As companies pull the emergency cash cord to help them through the coronavirus crisis, shareholders have been split by an easing of the rules to make it easier for them to turn to investors with the deepest pockets.
In pursing this path, cash-strapped publicly-listed companies and institutional fund managers risk alienating legions of loyal retail investors, whose holdings are diluted.
A change to British market regulations last month enabled firms to raise equity equivalent to up to 20% of their share capital in quick-fire share sales.
These allow companies to skip the conventions of investor roadshows, the publication of detailed prospectuses and so-called pre-emption rights, which bestow equal rights on all shareholders to participate in any capital increase.
“This is clearly an extraordinary situation so it’s that balance between the companies that urgently need funds and the ease of execution of these transactions versus the sanctity of pre-emption rights,” Claire Keast-Butler, a partner in London at law firm Cooley, said.
A total of 3.7 billion pounds ($4.5 billion) was raised by 79 companies listed in Britain between March 2 and April 17, AJ Bell, which helps retail investors save and invest in the stock market, has calculated, some via emergency cash calls.
Richard Buxton, head of UK equities at Merian Global Investors, said he proactively encouraged British food and drinks provider SSP (SSPG.L) to raise cash last month.
SSP ended up raising 216 million pounds, mostly from its two biggest investors BlackRock (BLK.N) and Merian.
While acknowledging the capital raising would be “pretty dilutive” and had its critics among investors who were not included, Buxton said Merian decided it was better for SSP to act now, to avoid coming back for more later.
“We wanted to get it over and done with, get the issue knocked on the head so the company could stand its corner.”
Travel and retail are among the industries feeling the most immediate effects of the coronavirus crisis, and it is these sectors which have most quickly turned to big investors, often leaving smaller shareholders with a lesser stake.
“It seems very probable that greater numbers of firms will come to market for cash. For those institutions or funds with cash, this could be an opportunity to take a stake in a business they like, or top up an existing holding, at an advantageous price,” Russ Mould, investment director at AJ Bell, said.
Mould describes dilution as “the enemy of the investor”, as it lessens their share of a company’s future profits.
Not all companies are going to find it easy to tap investors, however deep their institutional pockets, for cash either now or in the future.
“I think those who have the highest chance of getting the best result can combine three things: a well-liked management team, a supportive bank group and a strong shareholder register,” Andreas Bernstorff, head of equity capital markets at BNP Paribas, said.
‘NEED FOR SPEED’
Leading fund managers Schroders (SDR.L) and Invesco (IVZ.N) have both weighed into the debate, with Schroders largely supportive of the potential need for fast-track issuance, while Invesco warned boards to first look at other options, such as turning to the government for help.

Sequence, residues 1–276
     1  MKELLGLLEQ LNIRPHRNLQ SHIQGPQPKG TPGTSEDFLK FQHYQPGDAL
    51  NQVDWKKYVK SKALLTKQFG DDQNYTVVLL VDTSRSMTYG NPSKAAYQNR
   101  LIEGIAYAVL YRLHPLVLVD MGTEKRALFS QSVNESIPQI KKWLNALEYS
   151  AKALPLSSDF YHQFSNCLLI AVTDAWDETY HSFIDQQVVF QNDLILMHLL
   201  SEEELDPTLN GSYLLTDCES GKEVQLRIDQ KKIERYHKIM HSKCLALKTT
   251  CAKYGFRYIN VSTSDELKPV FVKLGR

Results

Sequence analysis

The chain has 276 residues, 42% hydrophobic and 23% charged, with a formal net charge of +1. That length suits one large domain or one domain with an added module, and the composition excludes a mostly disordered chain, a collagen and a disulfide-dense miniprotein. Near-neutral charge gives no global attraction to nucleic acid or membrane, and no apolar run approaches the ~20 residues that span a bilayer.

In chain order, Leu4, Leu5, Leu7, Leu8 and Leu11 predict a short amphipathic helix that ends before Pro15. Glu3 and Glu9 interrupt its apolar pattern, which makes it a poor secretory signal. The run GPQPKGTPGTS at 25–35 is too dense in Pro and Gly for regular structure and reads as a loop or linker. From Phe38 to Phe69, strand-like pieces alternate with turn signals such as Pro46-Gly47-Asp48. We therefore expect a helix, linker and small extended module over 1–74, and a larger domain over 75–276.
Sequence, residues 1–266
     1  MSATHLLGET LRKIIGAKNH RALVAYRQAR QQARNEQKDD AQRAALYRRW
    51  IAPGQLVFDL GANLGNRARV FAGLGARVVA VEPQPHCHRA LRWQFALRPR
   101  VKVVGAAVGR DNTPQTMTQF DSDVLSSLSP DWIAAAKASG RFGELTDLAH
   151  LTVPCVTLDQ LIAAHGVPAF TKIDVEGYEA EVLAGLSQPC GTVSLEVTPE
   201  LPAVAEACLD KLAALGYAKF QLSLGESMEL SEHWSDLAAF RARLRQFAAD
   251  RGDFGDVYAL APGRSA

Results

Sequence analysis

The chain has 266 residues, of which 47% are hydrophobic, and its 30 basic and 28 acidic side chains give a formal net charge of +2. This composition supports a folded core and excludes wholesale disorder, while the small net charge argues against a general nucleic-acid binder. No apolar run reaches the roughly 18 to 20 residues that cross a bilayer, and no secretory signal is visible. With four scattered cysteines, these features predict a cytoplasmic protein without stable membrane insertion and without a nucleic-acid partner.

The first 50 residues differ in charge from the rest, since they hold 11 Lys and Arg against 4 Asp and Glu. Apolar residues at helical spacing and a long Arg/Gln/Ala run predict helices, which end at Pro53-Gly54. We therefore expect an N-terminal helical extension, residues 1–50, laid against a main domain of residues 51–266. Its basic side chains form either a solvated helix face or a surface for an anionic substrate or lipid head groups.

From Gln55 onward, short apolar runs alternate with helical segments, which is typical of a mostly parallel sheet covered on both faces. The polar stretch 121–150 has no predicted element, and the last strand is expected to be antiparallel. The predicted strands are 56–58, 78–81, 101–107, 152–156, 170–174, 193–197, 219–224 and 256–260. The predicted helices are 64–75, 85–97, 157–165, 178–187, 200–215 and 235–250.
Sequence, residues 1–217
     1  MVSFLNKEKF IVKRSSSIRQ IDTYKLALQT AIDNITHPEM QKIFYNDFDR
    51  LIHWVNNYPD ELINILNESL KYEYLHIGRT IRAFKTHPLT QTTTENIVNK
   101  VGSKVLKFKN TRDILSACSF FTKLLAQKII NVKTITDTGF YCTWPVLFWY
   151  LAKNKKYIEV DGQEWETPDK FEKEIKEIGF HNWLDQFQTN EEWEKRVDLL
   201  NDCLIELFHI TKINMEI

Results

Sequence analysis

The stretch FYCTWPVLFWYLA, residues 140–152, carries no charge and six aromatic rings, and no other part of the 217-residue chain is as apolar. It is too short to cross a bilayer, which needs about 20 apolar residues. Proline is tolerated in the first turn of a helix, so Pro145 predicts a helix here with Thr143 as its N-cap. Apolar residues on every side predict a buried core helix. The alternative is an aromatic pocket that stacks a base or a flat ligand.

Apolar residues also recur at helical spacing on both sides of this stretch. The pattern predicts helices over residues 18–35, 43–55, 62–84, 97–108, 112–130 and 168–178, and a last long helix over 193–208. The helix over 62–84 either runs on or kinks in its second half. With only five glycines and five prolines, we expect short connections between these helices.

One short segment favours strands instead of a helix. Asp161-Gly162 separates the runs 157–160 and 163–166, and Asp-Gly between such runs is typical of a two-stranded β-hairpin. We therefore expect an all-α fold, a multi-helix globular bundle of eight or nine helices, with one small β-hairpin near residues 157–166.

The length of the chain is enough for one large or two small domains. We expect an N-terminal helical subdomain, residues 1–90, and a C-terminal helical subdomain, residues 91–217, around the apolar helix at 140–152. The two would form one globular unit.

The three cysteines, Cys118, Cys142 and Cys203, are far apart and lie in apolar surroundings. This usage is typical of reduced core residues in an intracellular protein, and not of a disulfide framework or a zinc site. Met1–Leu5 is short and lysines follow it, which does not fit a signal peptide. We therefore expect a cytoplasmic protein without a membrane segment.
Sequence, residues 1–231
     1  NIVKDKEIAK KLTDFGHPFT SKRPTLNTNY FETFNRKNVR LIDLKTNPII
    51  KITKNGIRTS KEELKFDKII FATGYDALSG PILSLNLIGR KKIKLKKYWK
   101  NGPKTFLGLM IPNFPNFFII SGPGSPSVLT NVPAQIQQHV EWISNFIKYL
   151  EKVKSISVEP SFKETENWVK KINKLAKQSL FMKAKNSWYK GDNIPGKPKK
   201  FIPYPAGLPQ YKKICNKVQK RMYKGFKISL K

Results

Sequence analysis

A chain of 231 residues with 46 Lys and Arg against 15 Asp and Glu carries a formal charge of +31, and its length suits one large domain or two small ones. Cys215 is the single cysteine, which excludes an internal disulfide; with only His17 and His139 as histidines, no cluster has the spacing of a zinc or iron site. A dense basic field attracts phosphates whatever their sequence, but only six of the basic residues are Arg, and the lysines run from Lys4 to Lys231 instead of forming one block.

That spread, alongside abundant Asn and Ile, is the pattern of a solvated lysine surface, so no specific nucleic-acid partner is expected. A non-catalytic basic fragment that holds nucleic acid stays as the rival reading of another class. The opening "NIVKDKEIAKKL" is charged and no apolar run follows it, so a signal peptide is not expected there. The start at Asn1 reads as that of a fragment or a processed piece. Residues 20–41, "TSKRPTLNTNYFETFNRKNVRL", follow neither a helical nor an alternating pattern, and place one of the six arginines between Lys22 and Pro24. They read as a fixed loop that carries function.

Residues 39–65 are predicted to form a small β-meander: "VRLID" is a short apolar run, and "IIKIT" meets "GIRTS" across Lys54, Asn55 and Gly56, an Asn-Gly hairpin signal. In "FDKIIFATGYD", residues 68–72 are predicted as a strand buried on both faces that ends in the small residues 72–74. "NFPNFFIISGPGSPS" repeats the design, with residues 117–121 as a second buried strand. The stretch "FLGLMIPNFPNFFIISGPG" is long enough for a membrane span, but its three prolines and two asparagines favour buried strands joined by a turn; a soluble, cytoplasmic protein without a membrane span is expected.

“Companies shouldn’t, especially if your share price has been hammered, necessarily think of equity as the first solution,” Piers Coombs, head of the London office at investment bank Goodbody, said.
Firms listed in Britain have been the biggest users of quick equity raisings because many continental European countries demand shareholder approval first, a rule that has forced most firms to instead agree new credit facilities with banks, such as the $15 billion line secured by Airbus (AIR.PA).
Only Amadeus (AMDG.DE) and Nexi (NEXII.MI) have so far tapped European equity markets, for 750 million euros and 43 million euros respectively, although both also issued convertible bonds as part of the overall funding package.
In Britain, among the biggest cash calls were Informa (INF.L), which raised 1 billion pounds in a sale equal to 19.99% of its existing share capital and fashion retailer ASOS (ASOS.L), which raised its issued equity by 18.8% to bolster its finances by 247 million pounds.
It is this type of deal which prompted a group of City of London heavyweights, including Fidelity International Chief Executive Anne Richards and AJ Bell founder Andy Bell, to send an open letter to British companies this week demanding they respect the rights of retail investors.
The issue is not just a British one.
In Australia, the regulator has also loosened the rules, extending the period for which companies can be suspended and still raise capital with less documentation, while the stock exchange, among other measures, upped the proportion of capital that companies can raise through placements from 15% to 25%.
Whether the coronavirus crisis raising prove to be a one-off will only become clear once it is over.
“We have always said, in exceptional circumstances, we accept that pre-emption does sometimes have to be set aside just because of the need for speed,” Merian’s Buxton said.